Kinstretch refers to a system of precise movements which encourage the body to access/mobilize/utilize greater range of motion around joints. Furthermore, it neurologically “teaches” the brain how to safely accomplish this.
Trainers often begin a client’s session with active rather than passive stretching, thereby warming the muscle tissue in an effort to thwart any potential tearing. Passive stretching proves more effective at the end of a workout. In observing a Kinstretch class, one may notice what seems like passive stretches at the onset; however, these series of movements create tension in their wake. As Dr. Spina tells us, “Kinstretch is what you do first to prepare yourself for whatever it is that you want to do.”
Putting Science into Practice
Prior to taking clients through the Kinstretch process, trainers might want to consider participating in a few classes. The utilization of isometric tension to master mobility at the end ranges of joints, an entirely novel way of approaching the body, plunges right away into what some describe as grueling positions. After all, re-training the brain to override sticking points without incurring injury requires a great deal of muscle recruitment, and isometric tension applied for an extended period of time meets this need perfectly.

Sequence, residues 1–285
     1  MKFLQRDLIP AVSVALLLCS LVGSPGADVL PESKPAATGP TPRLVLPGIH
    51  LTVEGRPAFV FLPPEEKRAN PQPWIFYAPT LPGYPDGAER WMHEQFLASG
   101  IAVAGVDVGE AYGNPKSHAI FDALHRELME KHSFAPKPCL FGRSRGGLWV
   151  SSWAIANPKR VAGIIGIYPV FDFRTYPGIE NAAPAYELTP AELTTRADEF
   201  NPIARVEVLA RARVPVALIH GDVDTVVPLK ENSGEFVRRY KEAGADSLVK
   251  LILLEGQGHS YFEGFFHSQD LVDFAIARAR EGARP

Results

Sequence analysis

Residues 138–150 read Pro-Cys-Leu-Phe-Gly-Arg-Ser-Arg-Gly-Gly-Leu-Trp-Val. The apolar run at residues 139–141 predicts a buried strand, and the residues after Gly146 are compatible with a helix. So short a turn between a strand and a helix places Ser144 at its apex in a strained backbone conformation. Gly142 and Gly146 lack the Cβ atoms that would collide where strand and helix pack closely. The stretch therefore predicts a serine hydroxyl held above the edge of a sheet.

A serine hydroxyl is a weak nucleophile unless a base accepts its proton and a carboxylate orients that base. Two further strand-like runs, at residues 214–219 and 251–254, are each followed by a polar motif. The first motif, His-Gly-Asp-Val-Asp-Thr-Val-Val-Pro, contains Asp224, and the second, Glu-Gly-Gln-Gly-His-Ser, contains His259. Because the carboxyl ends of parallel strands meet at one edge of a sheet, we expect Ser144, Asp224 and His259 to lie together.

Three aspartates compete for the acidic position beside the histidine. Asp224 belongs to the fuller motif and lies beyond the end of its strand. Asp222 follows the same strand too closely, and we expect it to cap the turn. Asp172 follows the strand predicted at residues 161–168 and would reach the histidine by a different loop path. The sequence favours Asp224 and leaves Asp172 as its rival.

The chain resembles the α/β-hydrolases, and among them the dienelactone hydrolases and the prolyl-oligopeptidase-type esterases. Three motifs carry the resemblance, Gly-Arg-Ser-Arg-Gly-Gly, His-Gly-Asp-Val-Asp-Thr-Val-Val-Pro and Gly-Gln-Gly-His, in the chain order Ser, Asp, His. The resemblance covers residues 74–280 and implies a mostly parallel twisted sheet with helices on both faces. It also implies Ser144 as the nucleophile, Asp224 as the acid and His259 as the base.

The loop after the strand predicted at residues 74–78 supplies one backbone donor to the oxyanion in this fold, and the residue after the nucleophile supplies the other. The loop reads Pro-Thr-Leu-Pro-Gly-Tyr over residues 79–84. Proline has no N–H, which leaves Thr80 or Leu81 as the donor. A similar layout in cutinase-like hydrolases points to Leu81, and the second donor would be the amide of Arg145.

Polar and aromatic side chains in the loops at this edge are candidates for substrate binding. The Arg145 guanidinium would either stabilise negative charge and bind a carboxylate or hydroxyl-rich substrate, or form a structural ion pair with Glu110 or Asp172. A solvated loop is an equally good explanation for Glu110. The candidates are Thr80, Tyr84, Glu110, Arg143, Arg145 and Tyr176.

Dr. Spina utilizes terms such as Progressive Angular Isometric Loading and Regressive Angular Isometric Loading to describe how he accomplishes his principles of a body’s movement. In traditional strength training, we help clients break down and rebuild muscle tissue.
However, rather than cultivating strength and size of lean muscle mass, Kinstretch provides the opportunity to fine-tune one’s ROM in an effort to make resistance training more effective. Consider the process of training a client with sport-specific needs.
If this athlete feels his baseball swing requires more power, instead of loading weight onto shoulder and arm exercises, for example, we might “teach” his body to cultivate an increased range of motion around the shoulder joint itself. In the process of accessing and re-training the hardest-to-reach joint areas, a client gains the ability to enhance each and every challenging lift/press/squat. Once sticking points get unlocked, the improved range of motion ultimately facilitates a greater depth of muscle movement. In our baseball example, the athlete starts to notice an improvement in the power of his swing.
One team of scientists took an in-depth look at the effects of full versus partial ROM resistance training exercises, specifically addressing functional movement adaptation. The data revealed that, as we would expect, possessing a complete range of motion facilitates both hypertrophy and strength development. Those subjects who utilized only partial range of motion capabilities fell short on functional adaptations.
New Movement, New Life
Dr. Spina helped to illustrate the differences between flexibility and functional mobility, and how to harness one’s maximum ROM in order to live a full and active life. While most trainers have yet to introduce Kinstretch and FRC into traditional training programs, we can now see the importance of learning the specifics of this system and utilizing this process to further clients’ abilities and goals.